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What To Do If Your Family Won’t Talk About Your Suicide Loss

22 Sep 2020 — 2 min read

BY AFSP

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Nation’s Largest Suicide Prevention Organization Applauds Congressional Action During September National Suicide Prevention Awareness Month

Everyone grieves differently. While you may find it useful or necessary to talk about the person you lost, your siblings, parents, or other relatives may not. It is not unusual for people within the same family to have different coping styles after a suicide death. Try to be patient toward one another, and allow what works best for each person.

Remember that with time, your family may become more open to discussing what happened. Consider providing them with some information about suicide loss. These resources may not only be of help to them, they may also serve as icebreakers for discussing your shared loss. Here are some that are worth sharing:

  • AFSP’s three Survivor Day documentaries, about losing a loved one to suicide, and how different people and their families healed over time
  • A list of books about suicide loss, including practical guides for coping, personal loss survivor stories, books that provide an understanding of what research tells us about suicide, guides with a focus on children, adolescents, and more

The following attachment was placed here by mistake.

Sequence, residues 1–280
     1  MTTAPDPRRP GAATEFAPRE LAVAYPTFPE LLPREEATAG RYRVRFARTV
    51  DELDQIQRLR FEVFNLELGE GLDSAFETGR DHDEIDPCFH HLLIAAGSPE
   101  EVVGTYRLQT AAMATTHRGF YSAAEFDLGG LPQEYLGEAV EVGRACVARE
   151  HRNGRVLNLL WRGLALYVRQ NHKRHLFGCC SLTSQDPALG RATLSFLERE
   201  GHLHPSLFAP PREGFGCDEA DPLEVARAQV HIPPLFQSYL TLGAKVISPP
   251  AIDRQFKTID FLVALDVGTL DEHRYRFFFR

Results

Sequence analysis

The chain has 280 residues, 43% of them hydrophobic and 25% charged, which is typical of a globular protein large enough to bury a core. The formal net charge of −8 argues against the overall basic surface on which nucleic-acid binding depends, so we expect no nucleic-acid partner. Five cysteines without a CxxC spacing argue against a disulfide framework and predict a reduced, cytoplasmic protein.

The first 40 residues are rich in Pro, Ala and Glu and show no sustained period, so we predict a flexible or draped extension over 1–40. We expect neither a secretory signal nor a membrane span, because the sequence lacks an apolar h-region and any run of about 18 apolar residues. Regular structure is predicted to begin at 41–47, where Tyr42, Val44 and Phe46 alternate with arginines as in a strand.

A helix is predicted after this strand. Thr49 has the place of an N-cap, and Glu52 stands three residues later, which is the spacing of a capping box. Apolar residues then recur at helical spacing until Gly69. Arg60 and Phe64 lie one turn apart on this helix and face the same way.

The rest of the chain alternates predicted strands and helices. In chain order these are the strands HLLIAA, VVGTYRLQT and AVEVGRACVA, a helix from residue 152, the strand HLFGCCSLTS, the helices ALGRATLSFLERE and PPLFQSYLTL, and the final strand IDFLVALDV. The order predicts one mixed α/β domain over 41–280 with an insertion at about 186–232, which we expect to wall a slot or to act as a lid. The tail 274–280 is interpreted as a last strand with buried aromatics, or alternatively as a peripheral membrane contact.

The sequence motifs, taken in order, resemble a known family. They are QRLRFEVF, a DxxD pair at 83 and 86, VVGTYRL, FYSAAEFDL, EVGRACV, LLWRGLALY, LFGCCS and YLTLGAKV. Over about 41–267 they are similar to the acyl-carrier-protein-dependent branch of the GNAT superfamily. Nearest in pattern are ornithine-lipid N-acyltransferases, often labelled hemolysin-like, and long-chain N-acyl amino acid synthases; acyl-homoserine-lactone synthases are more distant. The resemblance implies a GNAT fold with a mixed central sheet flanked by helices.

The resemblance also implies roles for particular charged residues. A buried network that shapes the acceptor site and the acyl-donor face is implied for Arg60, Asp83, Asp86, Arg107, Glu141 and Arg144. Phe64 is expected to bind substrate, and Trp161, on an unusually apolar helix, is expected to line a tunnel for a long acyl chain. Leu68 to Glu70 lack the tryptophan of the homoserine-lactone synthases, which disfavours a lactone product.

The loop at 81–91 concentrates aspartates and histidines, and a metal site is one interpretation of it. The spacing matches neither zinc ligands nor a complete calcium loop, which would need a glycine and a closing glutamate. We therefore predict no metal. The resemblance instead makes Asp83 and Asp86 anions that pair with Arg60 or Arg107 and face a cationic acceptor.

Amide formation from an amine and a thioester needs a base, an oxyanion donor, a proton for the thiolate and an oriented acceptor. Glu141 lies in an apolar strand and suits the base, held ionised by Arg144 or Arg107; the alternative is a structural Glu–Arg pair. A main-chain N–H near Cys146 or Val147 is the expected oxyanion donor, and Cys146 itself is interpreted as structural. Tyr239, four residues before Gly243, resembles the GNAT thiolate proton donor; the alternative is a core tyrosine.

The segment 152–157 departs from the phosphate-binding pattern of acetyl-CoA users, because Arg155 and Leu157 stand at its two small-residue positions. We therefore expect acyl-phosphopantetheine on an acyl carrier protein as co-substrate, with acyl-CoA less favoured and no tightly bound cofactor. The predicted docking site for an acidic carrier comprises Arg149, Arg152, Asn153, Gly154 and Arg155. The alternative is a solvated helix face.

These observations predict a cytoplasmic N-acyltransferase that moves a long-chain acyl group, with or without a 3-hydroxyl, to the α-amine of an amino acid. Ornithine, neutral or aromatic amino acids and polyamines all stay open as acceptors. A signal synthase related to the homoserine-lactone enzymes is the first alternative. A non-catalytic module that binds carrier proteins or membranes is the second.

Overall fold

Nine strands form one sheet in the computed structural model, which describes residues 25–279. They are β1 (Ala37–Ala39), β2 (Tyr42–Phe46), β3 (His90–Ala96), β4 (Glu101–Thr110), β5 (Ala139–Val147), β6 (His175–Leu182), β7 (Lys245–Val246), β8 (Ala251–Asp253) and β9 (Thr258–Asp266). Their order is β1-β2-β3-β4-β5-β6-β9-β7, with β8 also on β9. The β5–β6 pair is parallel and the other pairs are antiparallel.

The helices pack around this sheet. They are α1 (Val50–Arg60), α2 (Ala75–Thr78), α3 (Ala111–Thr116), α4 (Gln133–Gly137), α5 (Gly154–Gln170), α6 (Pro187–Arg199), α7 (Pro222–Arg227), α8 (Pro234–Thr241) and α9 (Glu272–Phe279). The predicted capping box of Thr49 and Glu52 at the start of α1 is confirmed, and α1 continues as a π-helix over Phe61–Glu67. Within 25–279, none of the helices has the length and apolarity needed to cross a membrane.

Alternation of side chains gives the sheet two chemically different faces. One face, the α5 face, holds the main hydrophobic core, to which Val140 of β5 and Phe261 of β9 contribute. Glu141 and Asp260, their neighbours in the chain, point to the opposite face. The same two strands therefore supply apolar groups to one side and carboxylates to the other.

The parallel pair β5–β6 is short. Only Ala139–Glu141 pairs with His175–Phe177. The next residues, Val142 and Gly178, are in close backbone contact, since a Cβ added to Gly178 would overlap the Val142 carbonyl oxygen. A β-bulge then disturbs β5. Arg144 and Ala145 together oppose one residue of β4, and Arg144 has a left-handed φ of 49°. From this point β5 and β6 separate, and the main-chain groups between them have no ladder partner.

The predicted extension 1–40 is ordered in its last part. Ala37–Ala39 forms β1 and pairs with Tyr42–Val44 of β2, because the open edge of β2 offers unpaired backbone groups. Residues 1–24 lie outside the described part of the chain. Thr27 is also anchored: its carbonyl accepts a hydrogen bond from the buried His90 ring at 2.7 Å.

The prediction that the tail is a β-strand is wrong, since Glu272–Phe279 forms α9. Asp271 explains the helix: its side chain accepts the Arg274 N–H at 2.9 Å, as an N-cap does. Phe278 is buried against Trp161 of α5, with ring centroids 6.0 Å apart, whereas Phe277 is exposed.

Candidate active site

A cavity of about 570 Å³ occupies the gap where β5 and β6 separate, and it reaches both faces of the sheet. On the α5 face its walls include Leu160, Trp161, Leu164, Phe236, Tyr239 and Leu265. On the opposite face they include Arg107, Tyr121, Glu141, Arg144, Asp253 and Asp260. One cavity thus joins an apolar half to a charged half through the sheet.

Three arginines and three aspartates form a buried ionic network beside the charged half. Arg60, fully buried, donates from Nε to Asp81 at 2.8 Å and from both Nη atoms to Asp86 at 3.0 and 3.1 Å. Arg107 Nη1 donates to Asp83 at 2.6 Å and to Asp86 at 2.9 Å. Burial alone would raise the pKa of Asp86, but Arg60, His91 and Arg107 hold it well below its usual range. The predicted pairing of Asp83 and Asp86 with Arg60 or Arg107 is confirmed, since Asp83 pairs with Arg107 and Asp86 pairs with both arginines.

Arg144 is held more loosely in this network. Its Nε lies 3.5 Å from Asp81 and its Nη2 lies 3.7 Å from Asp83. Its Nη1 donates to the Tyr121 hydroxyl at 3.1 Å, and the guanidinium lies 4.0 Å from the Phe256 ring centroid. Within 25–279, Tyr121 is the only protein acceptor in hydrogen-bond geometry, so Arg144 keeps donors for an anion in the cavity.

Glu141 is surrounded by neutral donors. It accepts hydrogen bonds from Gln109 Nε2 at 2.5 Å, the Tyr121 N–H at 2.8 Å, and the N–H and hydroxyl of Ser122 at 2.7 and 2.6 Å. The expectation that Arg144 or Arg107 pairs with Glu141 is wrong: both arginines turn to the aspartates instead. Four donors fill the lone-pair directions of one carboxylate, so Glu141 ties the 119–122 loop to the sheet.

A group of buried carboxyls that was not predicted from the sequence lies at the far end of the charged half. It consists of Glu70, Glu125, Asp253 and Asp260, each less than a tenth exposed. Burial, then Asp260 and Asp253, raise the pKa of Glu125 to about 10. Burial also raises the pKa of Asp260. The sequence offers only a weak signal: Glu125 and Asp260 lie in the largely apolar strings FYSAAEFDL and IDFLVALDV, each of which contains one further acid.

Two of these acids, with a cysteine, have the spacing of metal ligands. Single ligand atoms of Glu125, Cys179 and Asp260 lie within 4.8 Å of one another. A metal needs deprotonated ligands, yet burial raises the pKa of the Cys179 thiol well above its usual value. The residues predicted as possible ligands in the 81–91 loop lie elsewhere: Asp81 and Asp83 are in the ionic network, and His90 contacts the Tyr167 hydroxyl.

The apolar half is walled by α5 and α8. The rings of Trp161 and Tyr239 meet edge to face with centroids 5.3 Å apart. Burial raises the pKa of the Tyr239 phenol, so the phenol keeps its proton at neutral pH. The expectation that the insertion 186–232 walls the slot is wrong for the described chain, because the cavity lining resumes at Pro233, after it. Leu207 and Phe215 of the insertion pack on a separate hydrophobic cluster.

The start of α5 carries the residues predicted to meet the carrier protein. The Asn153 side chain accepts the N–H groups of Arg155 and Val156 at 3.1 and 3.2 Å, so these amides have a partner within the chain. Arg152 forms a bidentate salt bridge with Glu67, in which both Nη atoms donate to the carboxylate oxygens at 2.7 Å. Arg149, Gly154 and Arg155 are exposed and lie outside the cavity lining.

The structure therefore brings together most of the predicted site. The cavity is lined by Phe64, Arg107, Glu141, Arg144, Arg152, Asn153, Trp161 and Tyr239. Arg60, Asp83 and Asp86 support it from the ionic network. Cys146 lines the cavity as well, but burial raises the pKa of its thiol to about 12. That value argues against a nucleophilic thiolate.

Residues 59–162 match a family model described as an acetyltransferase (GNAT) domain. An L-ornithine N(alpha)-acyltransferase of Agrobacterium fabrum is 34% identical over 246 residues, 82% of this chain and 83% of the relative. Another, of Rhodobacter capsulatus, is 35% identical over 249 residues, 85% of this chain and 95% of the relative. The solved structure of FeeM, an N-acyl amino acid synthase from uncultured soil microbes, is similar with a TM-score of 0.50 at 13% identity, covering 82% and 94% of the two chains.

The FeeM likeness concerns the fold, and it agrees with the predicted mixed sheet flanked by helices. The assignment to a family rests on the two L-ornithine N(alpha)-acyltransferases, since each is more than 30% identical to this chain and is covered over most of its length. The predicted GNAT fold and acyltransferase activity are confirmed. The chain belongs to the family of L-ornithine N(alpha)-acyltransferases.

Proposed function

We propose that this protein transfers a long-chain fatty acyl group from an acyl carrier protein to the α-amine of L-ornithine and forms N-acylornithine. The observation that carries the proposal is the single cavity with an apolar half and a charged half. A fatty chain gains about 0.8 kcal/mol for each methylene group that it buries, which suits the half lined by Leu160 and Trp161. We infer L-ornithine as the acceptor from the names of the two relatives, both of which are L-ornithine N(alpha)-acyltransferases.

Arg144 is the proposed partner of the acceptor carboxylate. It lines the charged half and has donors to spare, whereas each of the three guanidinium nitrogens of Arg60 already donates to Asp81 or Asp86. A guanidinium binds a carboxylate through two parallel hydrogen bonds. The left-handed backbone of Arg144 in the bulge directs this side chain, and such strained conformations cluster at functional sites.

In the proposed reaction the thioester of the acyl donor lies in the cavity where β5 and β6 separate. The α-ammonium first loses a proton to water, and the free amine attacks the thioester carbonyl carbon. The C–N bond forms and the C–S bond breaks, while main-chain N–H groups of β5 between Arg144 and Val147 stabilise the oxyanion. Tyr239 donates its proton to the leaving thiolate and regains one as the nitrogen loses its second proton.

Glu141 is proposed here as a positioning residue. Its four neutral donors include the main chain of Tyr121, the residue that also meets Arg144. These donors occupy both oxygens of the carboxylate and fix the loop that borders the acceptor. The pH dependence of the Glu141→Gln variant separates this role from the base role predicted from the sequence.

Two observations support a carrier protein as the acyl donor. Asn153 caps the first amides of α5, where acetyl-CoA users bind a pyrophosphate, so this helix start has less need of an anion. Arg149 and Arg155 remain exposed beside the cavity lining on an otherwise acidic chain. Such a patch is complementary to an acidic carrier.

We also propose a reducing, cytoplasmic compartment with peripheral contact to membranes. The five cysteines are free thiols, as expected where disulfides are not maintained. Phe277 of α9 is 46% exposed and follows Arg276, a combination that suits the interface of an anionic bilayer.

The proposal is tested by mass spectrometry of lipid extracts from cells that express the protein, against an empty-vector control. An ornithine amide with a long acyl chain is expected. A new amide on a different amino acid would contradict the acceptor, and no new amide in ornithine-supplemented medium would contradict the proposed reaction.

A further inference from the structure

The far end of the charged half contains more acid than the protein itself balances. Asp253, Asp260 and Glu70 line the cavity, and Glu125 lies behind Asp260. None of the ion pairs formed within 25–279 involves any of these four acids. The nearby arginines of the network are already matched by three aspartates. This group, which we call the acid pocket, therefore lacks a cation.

In the meantime, make sure you find a safe space to express your own thoughts and feelings. Make a list of people you can reach out to: friends, school counselors, mental health professionals, faith leaders, or anyone else you feel comfortable with. You may be surprised at how many people are willing to listen and take the time to support you.

You may also find it useful to speak with others who’ve experienced a similar loss. If the people in your family are reluctant to talk about what happened, you may feel isolated and alone, but the reality is you are not: with each suicide death, dozens of people are left behind to make sense of that loss.

If you’d like to talk to someone who understands what you’re going through, consider AFSP’s Healing Conversations, which will connect you – in person, by phone, or through video chat – with a trained volunteer who has also lost someone to suicide.

AFSP also offers a directory of suicide bereavement support groups: nonjudgmental places where loss survivors can connect and openly share their stories, pain, and strategies for coping. There are support groups online, too (which you can find at the bottom of the link above.)

The important thing to remember is that you are not alone. If you want to talk about your loss, know that there are ways to do this outside of your immediate family.

Bear in mind that with time, your relatives may become more open to talking about the loss. Just try to be patient, and make sure to take care of your own needs in the meantime.

For further support resources, click here.

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